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FCA Regulated Firms Must Clarify their Charges

Wednesday, 11 June 2014

The FCA has instructed regulated firms to make their charges clearer to retail investors following a review of 11 different firms.

The financial watchdog found that the majority of firms were presenting their charging structures in a clear and fair way but that a number were still not doing so.

It is important that FCA regulated businesses take on board this message from both a regulatory and marketing perspective. Financial firms are already under the microscope after the financial crisis and those that actively build trust with investors are also likely to keep the regulator happy.

Clear and Comparable Charges

Retail investors, like other consumers, are becoming more savvy about comparing the costs of the services that they buy. Instant access to competitor websites means that comparisons are relatively easy to draw up for most goods and services. However, the different charges that can make up the costs of financial products can be confusing if there is a lack of consistency in the way they are presented.

Presentation of other comparables such as the risk profile of the fund and its performance are also important.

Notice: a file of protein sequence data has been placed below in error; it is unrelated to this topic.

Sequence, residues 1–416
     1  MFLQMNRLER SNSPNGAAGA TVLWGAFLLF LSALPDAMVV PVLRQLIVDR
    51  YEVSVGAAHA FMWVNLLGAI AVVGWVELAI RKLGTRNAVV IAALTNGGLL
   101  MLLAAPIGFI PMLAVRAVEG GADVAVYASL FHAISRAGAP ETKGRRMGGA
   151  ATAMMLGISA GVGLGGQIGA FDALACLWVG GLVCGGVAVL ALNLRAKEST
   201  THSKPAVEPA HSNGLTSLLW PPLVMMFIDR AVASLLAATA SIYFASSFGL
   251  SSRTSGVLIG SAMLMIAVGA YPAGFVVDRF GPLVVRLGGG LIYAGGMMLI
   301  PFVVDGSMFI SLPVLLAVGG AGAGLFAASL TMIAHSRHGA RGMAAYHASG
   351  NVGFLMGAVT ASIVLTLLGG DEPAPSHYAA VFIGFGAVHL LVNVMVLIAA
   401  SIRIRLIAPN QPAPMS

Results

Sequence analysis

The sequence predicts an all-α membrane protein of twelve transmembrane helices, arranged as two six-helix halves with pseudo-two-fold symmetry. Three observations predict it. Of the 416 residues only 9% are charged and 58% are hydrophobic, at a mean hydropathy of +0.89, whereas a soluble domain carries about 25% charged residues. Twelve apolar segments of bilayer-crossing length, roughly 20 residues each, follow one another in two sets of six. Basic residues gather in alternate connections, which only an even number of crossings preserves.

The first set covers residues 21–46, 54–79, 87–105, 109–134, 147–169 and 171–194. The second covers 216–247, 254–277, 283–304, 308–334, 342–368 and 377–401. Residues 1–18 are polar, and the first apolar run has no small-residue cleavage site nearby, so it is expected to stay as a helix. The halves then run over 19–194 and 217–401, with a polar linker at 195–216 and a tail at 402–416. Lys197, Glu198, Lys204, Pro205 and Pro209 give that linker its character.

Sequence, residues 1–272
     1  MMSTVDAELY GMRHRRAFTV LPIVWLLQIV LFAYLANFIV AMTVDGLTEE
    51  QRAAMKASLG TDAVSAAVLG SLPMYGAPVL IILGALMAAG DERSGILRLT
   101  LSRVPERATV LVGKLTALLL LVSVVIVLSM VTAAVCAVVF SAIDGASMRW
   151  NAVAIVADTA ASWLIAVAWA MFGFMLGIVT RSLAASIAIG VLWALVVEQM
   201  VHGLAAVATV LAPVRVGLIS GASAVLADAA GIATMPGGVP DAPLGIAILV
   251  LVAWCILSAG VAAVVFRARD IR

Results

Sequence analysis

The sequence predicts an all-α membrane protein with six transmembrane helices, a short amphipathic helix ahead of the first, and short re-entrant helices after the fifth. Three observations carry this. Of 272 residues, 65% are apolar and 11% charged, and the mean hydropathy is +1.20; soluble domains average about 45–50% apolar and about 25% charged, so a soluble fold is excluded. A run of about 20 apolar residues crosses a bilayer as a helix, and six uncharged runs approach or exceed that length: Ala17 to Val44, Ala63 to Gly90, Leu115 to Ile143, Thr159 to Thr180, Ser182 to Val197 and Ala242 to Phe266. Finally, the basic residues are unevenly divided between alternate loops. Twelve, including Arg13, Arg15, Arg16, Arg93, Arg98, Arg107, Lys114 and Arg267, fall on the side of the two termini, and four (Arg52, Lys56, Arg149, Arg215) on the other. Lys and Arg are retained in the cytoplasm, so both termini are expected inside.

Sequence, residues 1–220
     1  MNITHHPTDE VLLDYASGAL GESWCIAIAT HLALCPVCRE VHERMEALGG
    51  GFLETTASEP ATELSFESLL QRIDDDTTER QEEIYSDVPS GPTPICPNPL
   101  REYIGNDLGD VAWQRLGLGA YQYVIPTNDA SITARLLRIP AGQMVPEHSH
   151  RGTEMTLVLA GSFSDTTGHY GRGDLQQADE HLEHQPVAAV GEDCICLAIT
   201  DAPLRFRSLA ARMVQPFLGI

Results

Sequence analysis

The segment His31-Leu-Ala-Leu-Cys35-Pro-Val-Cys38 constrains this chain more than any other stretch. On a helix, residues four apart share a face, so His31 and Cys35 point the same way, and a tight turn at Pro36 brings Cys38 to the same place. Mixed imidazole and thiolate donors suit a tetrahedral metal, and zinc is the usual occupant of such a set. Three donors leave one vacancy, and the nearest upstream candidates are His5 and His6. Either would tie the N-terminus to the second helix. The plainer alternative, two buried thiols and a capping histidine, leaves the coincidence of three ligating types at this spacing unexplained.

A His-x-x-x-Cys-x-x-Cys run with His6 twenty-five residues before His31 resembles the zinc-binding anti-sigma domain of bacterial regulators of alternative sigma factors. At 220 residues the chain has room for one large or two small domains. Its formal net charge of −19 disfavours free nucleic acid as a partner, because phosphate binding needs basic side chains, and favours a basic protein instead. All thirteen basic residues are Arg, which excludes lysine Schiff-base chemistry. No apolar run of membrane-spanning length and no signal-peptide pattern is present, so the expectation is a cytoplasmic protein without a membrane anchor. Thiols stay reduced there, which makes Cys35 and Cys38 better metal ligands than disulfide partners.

The overall costs of funds can include management charges, performance fees and other costs of administering the fund. While a combined figure gives a clear picture, separating out these figures and referring to different elements of the cost in different sections of marketing material can cause confusion for non-professional investors and make cross-fund comparisons difficult.

Regulated firms are under an obligation to present information to investors in a way that is clear, fair and not misleading.

The FCA’s Findings

The findings of the FCA were not wholly negative. As noted above, it considered that the majority of the firms it reviewed were marketing their businesses in a clear and fair way.

Its criticisms mainly referred to:

· Firms that did not include a clear, combined figure for charges in their marketing material and website information.

· Inaccurate descriptions of the operation of administration charges.

Drawing attention to areas of good practice noted in the review, the FCA highlighted:

· Consistent use of summaries of charges across marketing materials and websites to reduce the risk of confusion by retail investors.

· Designing of marketing materials for retail investors rather than professionals.

· The use of questionnaires to help investors understand the funds and charges.


The FCA review demonstrates once again the increasingly pro-active approach of the financial watchdog compared to its predecessor. Although best practice in these areas is supported by voluntary guidance rather than statutory regulation, it is clear the FCA is willing to take firms to task over perceived failures.

For specialist advice regarding regulation and compliance contact James Crighton or telephone 0207 611 4848.

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